Or perhaps the captain could use the PA to discuss the hybrid system with passengers (captive audience) in a focused announcement about the company’s commitment to a cleaner world.  Just this moment of focused attention may help bring sustainability to top of mind for some of the 1.5 million annual visitors to Alcatraz Island.

Scott Cooney is the author of Build a Green Small Business (McGraw-Hill), and looks forward to the day when the green economy will simply be viewed as…the economy.

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About the Author

Scott Cooney (twitter: scottcooney) is an adjunct professor of Sustainability in the MBA program at the University of Hawai'i, green business startup coach, author of Build a Green Small Business: Profitable Ways to Become an Ecopreneur (McGraw-Hill), and developer of the sustainability board game GBO Hawai'i. Scott has started, grown and sold two mission-driven businesses, failed miserably at a third, and is currently in his fourth. Scott's current company has three divisions: a sustainability blog network that includes the world's biggest clean energy website and reached over 5 million readers in December 2013 alone; Pono Home, a turnkey and franchiseable green home consulting service that won entrance into the clean tech incubator known as Energy Excelerator; and Cost of Solar, a solar lead generation service to connect interested homeowners and solar contractors. In his spare time, Scott surfs, plays ultimate frisbee and enjoys a good, long bike ride. Find Scott on



  • http://respectourplanet.com Kate Krueger

    Scott,

    Thank you for your piece on our boat, the Hornblower Hybrid. I’m glad you had the opportunity to enjoy the boat in action. You certainly don’t have to be an Environmentalist to appreciate the wonder and excitement of the experience as the Hybrid pulls away from the dock in complete silence, moved by 100% electric battery power.

    One of our highest priorities at Alcatraz Cruises is to promote environmental education and real dialogue on sustainability, so we are grateful for all the discussion and feedback the Hybrid draws. Our corporate outreach programs garner similar interest. Our Environmental Days Program invites local green businesses to our landing to showcase their eco-friendly products and promote eco-conscious choices to our 4,800 guests a day. We are also pleased to offer Educational Bay Cruises, an environmental education program aboard the Hornblower Hybrid that serves to educate youth about our local ecosystems, green technology and environmental stewardship.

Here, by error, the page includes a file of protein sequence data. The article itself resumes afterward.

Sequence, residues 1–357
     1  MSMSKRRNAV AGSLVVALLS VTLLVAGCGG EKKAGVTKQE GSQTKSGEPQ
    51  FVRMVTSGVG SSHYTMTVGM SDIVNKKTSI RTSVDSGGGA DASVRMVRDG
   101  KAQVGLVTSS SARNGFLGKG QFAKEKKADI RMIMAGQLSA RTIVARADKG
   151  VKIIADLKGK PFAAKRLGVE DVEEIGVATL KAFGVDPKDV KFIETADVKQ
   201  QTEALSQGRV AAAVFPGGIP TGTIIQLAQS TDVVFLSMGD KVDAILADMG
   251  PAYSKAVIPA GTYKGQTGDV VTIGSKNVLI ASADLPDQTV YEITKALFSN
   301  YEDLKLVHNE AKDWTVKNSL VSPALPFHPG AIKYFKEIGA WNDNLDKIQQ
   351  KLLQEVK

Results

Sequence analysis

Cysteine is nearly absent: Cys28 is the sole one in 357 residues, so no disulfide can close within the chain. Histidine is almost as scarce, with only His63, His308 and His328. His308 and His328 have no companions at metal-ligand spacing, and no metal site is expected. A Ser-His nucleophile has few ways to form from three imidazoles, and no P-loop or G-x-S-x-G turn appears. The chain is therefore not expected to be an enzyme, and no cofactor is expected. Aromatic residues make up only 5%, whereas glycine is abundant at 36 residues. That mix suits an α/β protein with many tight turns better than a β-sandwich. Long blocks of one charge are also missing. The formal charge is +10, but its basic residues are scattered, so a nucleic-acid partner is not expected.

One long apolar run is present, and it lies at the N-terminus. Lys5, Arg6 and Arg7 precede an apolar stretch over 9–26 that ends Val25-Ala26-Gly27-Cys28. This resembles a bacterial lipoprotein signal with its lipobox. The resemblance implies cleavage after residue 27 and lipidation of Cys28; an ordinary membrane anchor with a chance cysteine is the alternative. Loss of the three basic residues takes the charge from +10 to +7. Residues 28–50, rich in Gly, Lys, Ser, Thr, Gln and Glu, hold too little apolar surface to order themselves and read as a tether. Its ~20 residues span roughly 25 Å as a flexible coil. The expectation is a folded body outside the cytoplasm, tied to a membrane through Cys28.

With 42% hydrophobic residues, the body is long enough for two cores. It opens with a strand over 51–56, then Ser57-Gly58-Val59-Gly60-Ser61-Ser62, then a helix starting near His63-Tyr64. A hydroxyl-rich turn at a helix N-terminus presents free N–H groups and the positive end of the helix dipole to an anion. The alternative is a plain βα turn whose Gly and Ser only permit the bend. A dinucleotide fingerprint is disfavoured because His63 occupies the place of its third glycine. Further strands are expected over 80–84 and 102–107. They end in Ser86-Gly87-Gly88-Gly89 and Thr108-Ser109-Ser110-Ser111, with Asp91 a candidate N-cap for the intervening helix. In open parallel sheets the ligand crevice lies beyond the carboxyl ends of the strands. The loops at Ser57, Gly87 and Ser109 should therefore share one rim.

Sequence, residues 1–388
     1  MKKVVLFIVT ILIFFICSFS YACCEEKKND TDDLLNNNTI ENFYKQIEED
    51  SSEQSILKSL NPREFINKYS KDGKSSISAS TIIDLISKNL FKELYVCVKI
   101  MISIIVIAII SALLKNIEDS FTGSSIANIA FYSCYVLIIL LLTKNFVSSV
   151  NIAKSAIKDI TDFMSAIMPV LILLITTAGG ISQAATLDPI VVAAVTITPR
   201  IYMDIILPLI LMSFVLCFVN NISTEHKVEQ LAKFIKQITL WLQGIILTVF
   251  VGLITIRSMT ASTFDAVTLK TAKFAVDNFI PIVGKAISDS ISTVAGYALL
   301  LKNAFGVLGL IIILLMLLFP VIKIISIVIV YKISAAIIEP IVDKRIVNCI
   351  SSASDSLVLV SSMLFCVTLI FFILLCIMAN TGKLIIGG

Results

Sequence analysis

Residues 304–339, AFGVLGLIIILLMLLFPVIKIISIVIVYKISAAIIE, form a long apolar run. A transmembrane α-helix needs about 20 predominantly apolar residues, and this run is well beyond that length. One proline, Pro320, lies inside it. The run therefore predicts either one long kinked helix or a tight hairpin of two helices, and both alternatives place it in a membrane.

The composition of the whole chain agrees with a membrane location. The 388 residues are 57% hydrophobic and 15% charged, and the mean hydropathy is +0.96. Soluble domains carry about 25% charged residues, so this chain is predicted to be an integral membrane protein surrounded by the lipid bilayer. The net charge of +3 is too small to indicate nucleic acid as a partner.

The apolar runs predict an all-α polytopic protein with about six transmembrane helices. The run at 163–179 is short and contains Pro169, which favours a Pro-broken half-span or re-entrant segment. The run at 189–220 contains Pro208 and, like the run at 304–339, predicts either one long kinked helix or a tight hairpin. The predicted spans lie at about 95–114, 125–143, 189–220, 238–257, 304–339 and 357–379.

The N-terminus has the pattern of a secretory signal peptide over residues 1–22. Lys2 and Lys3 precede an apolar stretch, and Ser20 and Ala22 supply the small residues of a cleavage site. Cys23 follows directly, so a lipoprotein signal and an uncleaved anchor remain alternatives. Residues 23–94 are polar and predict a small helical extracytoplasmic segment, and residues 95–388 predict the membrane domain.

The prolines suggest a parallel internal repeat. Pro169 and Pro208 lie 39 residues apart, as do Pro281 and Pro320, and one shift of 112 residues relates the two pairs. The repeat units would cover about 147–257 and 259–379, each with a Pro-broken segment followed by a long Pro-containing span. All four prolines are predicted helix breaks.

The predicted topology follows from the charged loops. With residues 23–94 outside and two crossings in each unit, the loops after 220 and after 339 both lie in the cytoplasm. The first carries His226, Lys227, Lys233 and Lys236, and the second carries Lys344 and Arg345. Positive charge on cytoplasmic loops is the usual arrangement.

In addition to our Environmental Awareness campaigns, Alcatraz Cruises is deeply committed to reducing our company’s environmental footprint. With the great leadership, hard work, skill and ingenuity of the Alcatraz Cruises Team– Directors, Management and our Crew– our company has a lot to be proud of. We track our environmental footprint closely to identify areas of greatest impact as well as opportunities for improvement. Engine upgrades and minor adjustments to our schedule reduced our fleet’s fuel consumption by 230,000 gallons. Our Green Purchasing Guidelines mean we give preference to local, organic, and eco-conscious vendors. The Crew Member you spoke with was correct about our waste management practices: We separate all waste on the landing to ensure responsible disposal. Thanks to the hard work of our Recycling Team, we recently celebrated a new victory…Our team recycled and composted 74% of all our waste on the landing, diverting 434,438 lbs from landfills!